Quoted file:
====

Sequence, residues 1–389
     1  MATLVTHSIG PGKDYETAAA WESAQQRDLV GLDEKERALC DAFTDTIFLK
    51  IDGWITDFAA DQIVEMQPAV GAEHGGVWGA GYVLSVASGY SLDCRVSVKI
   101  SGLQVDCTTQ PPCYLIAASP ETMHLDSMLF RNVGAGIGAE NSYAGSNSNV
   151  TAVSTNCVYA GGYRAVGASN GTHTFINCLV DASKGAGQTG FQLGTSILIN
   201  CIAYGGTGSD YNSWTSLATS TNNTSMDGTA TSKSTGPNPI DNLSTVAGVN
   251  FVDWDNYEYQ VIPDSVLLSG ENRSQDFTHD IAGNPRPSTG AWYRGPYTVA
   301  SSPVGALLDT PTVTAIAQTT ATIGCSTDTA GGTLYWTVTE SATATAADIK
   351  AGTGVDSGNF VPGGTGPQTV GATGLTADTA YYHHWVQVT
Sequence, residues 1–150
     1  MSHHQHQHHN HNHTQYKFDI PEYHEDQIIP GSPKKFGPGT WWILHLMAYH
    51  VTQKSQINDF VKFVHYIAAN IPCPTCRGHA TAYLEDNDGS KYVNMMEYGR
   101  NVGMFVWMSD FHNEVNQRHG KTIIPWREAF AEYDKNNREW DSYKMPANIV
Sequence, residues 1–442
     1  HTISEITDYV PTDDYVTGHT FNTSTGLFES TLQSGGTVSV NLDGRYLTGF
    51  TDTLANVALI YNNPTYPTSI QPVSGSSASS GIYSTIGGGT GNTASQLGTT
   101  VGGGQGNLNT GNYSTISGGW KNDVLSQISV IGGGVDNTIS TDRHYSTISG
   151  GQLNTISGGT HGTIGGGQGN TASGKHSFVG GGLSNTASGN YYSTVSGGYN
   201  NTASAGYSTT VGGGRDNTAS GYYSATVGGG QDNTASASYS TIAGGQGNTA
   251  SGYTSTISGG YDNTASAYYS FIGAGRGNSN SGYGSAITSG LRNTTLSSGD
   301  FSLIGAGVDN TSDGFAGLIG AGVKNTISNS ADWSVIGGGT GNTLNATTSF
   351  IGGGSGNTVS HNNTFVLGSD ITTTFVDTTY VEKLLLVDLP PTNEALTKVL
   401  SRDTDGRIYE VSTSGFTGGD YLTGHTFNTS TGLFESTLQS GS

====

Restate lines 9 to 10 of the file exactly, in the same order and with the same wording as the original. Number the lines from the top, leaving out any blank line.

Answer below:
   351  AGTGVDSGNF VPGGTGPQTV GATGLTADTA YYHHWVQVT
Sequence, residues 1–150